What caught the eye while exploring the website and perusing new catalogs this week? Why these colorful items...
This set of slightly risqué 19th-century cigarette cards from Cuba caught the eye. What a perfect gift for the collector of print ephemera or advertising gimmicks!
From the description:
Description: “Complete series of twelve chromolithograph "Marquillas de Tabaco" labels from the Para Usted Gran Manufactura de Cigarros de Eduardo Guillo, each showing a "mentira de hermosura", or a trick of beauty women use to disguise their age or less attractive feature, with a surprised man viewing each deception through a spyglass.… Each label approx. 10.5 by 14 cm. Loose as issued, housed in photograph album pages. Havana (Eduardo Guillo) n.d. (circa 1865).
It was in the early 1860s that tobacco factories in Havana began to package cigarettes with illustrated labels called "marquillas de tabaco" or "marquillas cigarreras". For the tobacco companies, the newly-available chromolithography techniques provided an attractive and cost-effective way to package and advertise their products in an increasingly competitive market. Approximately 20 to 25 cigarettes were packaged together in rolls, each wrapped in one of these labels. The labels were often eye-catching combinations of text and bright colors, many incorporating humor and whimsy.”
Offered by F.A. Bernett Books.
Du Bois, W.E. Burghardt
NY: Blue Heron Press, 1953. Hardcover. 265pp. Spine shows just a touch of sunning with some slight dulling to the gilt, else a very good copy in publisher's cloth backed patterned boards with just the lightest wear to the extremities. Signed by Du Bois on a publisher's bookplate affixed to the front pastedown. A nicer than usually encountered copy. Very good.
From the description:
London : Printed by E.T. and R.H. and are to be sold by Nevil Simmons ..., 1672.
Small 8vo., 15.5 x 10 cm., , 214, 92 p. + 4 p. publisher catalog. Contents: (from t. p.) I. What conversion is not, and correcting some mistakes about it -- II. What conversion is, and wherein it consisteth -- III. The necessity of conversion -- IV. The marks of the unconverted -- V. The miseries of the unconverted -- VI. Directions for conversion -- VII. Motives to conversion. || Divers Practical Cases of Conscience with separate title. The publisher's catalog appended at the rear contains 66 works and is a interesting example of a lengthly 17th century bookseller's catalog. Binding: 19th century calf, marbled pastedowns, later blanks with old residue; internally some general toning and foxing throughout. Ref: Wing A961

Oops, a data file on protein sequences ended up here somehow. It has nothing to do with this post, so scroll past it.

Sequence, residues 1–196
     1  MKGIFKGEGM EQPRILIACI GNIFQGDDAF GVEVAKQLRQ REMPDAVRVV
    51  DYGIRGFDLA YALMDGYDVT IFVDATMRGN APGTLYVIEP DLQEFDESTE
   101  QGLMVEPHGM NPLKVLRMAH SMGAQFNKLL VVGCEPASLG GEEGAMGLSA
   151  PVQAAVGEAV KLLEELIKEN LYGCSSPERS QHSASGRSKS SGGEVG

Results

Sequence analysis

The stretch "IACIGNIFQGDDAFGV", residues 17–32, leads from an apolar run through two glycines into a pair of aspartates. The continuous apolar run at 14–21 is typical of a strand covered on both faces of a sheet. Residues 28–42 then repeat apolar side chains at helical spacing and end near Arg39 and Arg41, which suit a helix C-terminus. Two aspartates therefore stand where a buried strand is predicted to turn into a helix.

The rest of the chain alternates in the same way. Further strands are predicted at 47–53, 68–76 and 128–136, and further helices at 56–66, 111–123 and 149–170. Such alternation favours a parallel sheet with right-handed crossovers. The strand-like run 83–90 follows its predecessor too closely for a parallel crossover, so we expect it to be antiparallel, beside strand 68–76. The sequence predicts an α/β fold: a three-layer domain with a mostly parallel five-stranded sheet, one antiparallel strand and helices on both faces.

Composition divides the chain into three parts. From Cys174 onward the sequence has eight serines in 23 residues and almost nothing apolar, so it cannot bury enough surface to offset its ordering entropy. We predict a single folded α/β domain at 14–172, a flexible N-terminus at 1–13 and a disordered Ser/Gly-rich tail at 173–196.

EXTREMELY RARE FIRST EDITION of one of the most popular conversion manual of the 17th century. Alleine's best-known work, An Alarme to Unconverted Sinners, was published posthumously in 1672, and sold an astonishing 70,000 copies in three years. Nevertheless, like early editions of Bunyan's Pilgrims Progress, very few have survived the ravages of time. RBH does not list any copy at auction since the Anderson Galleries copy sold in 1901, described as "Extremely rare." Indeed, the Folger has only the 1675 edition. COPAC lists 3 copies at Durham, Leeds and York but none in the BL.
The book was a bestseller in the American colonies and listed as one of the ten most frequently read works in the period 1651-1700. The marks and miseries of the unconverted and the directions for conversion were also newly applied to the Native Americans. Interestingly, the work is also mentioned along with Richard Baxter's Call to the Unconverted (1657) and Elizabeth White's The Experiences of God's Gracious Dealing (1671), as the type of spiritual autobiographies that paved the way for the publication of Narrative of the Captivity and Restoration of Mrs. Mary Rowlandson in 1682 and the birth of first "authentically native American novels" [Blodgett, Jam. Protestant Evangelical Literary Culture and Contemporary Society, 1997. p. 17]
Ca. 1920s commercial photo of a costume party featuring all female attendees in various costumes, one of whom (front and center) lies down in a straw dress and blackface, an African tribeswoman.
Not listed on abaa.org.
Finally, this writer is old enough to have started his school career in a classroom with desks not unlike the image below. Perhaps others have similar distant memories?
Buffalo, NY: Buffalo Hardware Co. 1881. First Edition. Softcover. (4)pp, quarto, opens to 11,5" x 14.5", showing two wrought-iron and wood Paragon School Desks in color, lithographed by Clay & Richmond, Buffalo. Text on the two recto pages explains that: "Slab benches and loose slab desks have had their day..."; "No screws working out and slats falling off in the school-room..."; No ordinary dove-tail, loose slat, rickety desks for our schools..."; etc. The text pages contain nine engraved illustrations in black and white. One corner nibbled with no text loss. In the original, illustrated mailing envelope, also nibbled at the corner. Very Good.
Note: all items are one-of-a-kind. If a link takes you to a mising page, this means the item has been sold.